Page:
Recipe | The Legacy of 3 Jewish matriarchs live on in these cookies

Aunt Liz, Uncle George and Grandma Syl (left to right).

Shared by Jennifer Indig

This story originally appeared on

In Jennifer Indig’s family, there are always her grandmothers’ cookies: thin mandlebread from grandma Mitzi and shortbread cookies topped with caramel, nuts, and chocolate, or turtle cookies, from grandma Syl. At every Rosh Hashanah gathering Jennifer and her husband have hosted since they started dating, cookies have graced the table. For their wedding rehearsal dinner, Jennifer’s mother Shelley baked countless cookies for dessert and mandel bread for guests to enjoy the next morning. But, in Jennifer’s family, a holiday or celebration isn’t required for these cookies to be served — there are often some stashed in the freezer, ready to be taken out of their cold home and enjoyed.

Freezing her grandmothers’ cookies is a habit Jennifer inherited. Grandma Mitzi, her maternal grandmother, always kept her thin mandel bread stashed in the freezer for friends who would come by to play bridge. When Jennifer started to take an interest in cooking and baking, grandma Mitzi shared her recipe in her Florida kitchen where she spent the winter. Mitzi would purchase all of the ingredients and have them ready for a visit, but, “She would wait until I got there because she wanted to make them with me,” Jennifer says.

Mitzi’s recipe was also passed down on a recipe card in a box Jennifer inherited when her mother Shelley passed away. It was tucked in among cards for other recipes including grandma Syl’s turtle cookies. Syl, whose full name was Sylvia, and her sister Liz (who family lore says invented this recipe) always kept these cookies on hand in their freezers. When Jennifer and her family arrived in Tucson for the family’s annual Thanksgiving celebration at Liz’s home, her father Alan would “go to see if the grandma Syl cookies were in there,” Jennifer says.

When Jennifer delivered her first child, her mom was gravely ill with cancer, but insisted the family host a baby naming. Unable to bake or to attend because of her illness, Shelley’s best friend came over the day before to drop off sweets. Sadly, Shelley passed away a week later. More recently, when Jennifer’s brother had his first child, the family once again hosted a baby naming. “I know, had my mom been alive, she would have baked all of these recipes,” Jennifer says. “That’s the way she would have given of herself for this event.”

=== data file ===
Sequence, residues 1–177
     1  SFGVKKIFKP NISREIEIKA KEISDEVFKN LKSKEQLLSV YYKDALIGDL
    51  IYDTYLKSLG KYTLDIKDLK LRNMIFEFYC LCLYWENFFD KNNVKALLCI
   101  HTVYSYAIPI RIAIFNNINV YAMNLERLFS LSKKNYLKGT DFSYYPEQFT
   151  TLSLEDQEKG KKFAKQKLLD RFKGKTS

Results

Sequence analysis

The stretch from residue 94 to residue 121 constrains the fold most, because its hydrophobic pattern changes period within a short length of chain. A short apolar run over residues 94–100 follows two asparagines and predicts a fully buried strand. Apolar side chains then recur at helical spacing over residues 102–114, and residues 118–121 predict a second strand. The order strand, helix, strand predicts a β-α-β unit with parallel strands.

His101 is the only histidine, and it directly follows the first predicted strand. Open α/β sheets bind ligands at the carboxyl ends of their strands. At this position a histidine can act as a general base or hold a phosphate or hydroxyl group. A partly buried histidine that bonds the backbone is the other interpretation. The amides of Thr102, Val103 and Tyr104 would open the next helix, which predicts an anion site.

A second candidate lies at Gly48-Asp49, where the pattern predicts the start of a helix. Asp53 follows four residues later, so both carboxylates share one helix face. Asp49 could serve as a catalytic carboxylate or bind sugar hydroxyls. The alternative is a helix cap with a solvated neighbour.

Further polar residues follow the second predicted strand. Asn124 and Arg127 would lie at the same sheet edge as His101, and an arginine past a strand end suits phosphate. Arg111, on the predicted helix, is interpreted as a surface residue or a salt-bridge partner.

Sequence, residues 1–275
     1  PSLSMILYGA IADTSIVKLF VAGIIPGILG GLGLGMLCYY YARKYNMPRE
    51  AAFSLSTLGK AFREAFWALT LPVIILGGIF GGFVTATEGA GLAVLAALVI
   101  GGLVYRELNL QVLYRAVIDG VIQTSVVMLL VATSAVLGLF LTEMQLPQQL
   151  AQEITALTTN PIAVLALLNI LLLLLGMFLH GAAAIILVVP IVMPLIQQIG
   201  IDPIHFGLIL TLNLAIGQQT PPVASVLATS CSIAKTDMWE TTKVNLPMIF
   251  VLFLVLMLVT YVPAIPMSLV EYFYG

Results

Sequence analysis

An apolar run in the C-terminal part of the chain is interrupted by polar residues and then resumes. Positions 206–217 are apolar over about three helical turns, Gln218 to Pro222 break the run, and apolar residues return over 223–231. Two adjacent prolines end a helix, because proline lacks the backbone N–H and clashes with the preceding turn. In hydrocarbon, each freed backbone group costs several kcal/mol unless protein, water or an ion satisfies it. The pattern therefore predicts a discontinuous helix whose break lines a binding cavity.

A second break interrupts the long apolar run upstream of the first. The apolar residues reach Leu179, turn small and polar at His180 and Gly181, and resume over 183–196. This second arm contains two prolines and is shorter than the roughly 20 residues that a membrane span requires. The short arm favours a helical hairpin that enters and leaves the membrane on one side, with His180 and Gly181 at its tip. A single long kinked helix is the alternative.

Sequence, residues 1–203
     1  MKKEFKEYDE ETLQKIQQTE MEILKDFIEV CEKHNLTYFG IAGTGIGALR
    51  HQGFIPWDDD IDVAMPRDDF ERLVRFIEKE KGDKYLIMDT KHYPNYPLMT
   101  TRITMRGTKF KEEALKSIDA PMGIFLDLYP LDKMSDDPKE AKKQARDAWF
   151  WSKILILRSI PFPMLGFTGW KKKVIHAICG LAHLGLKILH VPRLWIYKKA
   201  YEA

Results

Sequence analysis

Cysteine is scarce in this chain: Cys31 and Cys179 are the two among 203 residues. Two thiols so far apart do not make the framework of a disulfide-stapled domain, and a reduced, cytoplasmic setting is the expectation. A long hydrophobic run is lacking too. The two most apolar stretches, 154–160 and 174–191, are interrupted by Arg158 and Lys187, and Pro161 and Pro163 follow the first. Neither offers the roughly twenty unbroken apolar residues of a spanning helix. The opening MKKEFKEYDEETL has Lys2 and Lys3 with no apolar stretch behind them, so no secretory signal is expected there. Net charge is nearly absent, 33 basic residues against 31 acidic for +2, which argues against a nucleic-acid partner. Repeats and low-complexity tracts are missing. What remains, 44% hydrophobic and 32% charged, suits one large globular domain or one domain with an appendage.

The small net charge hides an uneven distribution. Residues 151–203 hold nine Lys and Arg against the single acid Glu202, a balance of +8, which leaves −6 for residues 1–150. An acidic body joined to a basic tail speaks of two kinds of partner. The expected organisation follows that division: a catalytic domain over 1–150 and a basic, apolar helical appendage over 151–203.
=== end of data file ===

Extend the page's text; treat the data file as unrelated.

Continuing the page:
Living in New York and planning to fly to Chicago for the naming ceremony, Jennifer diligently baked and froze batches of grandma Syl and grandma Mitzi’s cookies, along with a recipe for Kermit or raisin walnut cookies from her sister-in-law’s grandmother Carole Lindes. “So there were cookies represented from all of these generations,” she says, even though her grandmothers and mother couldn’t be there.

Jennifer, who gave birth to her son this week, had already mentally prepared to make cookies for the freezer for her son’s bris later this year. Those plans were halted by the pandemic. Still, Jennifer plans to bake cookies when she returns from the hospital. Of course, they will be popped into the freezer, ready for when family comes to visit.

Grandma Mitzi’s Mandelbread

Makes: About 45 cookies
Total Time: 1 hour and 30 minutes active + 4 hours inactive

2 cups all-purpose flour
½ teaspoons kosher salt
½ teaspoons baking powder
½ cup unsalted butter, softened
1 ½ cup sugar
4 large eggs
2 teaspoons vanilla extract
3 cups pecan halves

1. Preheat the oven to 350 degrees. Grease two medium 9 inch x 5 inch loaf pans with non-stick spray.

2. Sift the flour, salt and baking powder into a bowl. Set aside.